Social roles are the roles one plays in society ; in other words, they detail and represent what activities or behaviors are expected in a particular social environment. Who are the ones who define which tasks correspond to us? Are we assigning a role already done or are we building it ourselves? Let's solve these doubts in this article.
Roles are assigned in all groups. In a team, for example the role of defender, striker, winger or pivot; within the family, with the role of mother, father, brother; or in the work, with the role of director, secretary, trainee or assistant. The same person, depending on the context in which she is, can play different roles: that of trainee at work, son in the family and clown in the group of friends, for example.
The role is built and everyone adapts it to their own person. It may be that at the outset it is defined by what the other members of the group expect from my behavior, but only in broad outline, since each one afterwards will have to adapt these expectations and other requirements to their personal characteristics.
The problems associated with the role can come from various sources:
- Ambiguity of the role: in this case, we have to adapt to a role in which we do not really know what we have to do. Our role is unclear, and we do not know what others expect from our behavior or our contribution to the group.
- Role conflict: in this context, we may have to deal with two different types of problems. First, conflict in the same role, in other words, when the role does not fit me, I can not adapt to what I'm asked, that role goes beyond my abilities, that it does not not with my ideology, or that I do not feel comfortable adopting the behaviors it implies. The other problem will be the conflict between roles; for example, I am assigned to a group in two different roles, imagine trainee and student, or parent and employee at the same time, and this generates stress in me because I fail to fill both roles simultaneously .
- Roles awarded: these are the problems deriving from having to adapt to an already determined role and from relying on little room for maneuver to build ours. For example, we can think of gender roles, behaviors already expected by the group for the simple fact of being a man or a woman.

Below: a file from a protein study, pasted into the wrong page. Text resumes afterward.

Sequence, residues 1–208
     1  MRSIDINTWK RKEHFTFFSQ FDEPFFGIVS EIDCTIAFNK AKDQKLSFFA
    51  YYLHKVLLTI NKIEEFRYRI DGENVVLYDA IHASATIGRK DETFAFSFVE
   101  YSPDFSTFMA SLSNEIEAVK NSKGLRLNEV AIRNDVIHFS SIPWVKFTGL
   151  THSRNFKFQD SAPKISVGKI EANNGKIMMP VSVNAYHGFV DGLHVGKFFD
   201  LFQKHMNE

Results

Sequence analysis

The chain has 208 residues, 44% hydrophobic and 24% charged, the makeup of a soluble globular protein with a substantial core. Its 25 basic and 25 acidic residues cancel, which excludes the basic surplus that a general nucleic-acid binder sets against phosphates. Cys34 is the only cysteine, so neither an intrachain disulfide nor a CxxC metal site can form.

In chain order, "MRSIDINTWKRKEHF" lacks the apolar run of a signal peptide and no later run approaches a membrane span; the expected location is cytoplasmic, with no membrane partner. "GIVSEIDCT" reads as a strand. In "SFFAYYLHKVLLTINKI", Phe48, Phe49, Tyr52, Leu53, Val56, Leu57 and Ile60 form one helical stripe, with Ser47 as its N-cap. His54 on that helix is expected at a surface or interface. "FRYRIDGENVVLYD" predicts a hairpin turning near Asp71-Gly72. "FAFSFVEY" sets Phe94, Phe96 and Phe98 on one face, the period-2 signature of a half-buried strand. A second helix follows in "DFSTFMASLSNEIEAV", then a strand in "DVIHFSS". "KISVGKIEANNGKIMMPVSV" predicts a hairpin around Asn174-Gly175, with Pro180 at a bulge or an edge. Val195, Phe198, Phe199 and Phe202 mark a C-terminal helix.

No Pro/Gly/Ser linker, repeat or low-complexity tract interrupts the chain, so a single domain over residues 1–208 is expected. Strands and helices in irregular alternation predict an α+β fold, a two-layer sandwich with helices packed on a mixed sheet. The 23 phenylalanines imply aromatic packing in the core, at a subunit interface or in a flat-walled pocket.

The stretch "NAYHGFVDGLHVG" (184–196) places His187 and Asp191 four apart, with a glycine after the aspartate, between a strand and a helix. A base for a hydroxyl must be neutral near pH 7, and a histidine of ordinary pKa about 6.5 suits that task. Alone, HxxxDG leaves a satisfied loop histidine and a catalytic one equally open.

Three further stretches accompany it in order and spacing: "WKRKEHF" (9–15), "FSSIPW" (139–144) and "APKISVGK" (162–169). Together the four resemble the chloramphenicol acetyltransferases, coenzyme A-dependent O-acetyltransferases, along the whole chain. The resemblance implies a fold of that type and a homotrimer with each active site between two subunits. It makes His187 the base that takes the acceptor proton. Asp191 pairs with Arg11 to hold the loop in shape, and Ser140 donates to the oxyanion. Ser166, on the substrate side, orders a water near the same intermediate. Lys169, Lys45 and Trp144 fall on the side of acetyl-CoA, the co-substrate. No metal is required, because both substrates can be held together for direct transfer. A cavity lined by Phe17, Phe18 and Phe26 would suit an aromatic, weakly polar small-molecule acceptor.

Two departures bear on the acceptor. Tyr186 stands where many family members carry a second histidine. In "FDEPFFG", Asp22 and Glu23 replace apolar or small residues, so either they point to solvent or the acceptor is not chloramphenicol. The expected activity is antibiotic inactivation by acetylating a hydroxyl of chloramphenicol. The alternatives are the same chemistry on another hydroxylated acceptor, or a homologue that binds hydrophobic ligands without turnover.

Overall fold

- Role overload: the behaviors that are expected when assuming a role require a lot of everyone: for the subject, overcoming his ability to adapt generates stress.
- Poor roles: this problem arises in a context unlike the previous point, when the subject believes that he can give much more of himself but that his role does not allow it.
Build the role
Our role in society or in the group we belong to is dynamic and evolving. In many cases in this transformation, it is we, as key players, who have greater responsibility for the direction of this role. In this sense, problems usually arise when we behave like a boat adrift, when we try to take a role that exceeds the limits of our flexibility or when we want to introduce changes too fast or too radical in our functions.
In the end, everyone's role should be unique and untransferable; there may be "posts" to which we adapt when we access a new group, but starting from a few lines and general behaviors, it is the role that must adapt to us and not the other way roundas often happens.
To build one's role requires time and above all, intelligence. Ultimately, the role is the opportunity to bring to the world what we are able to bring.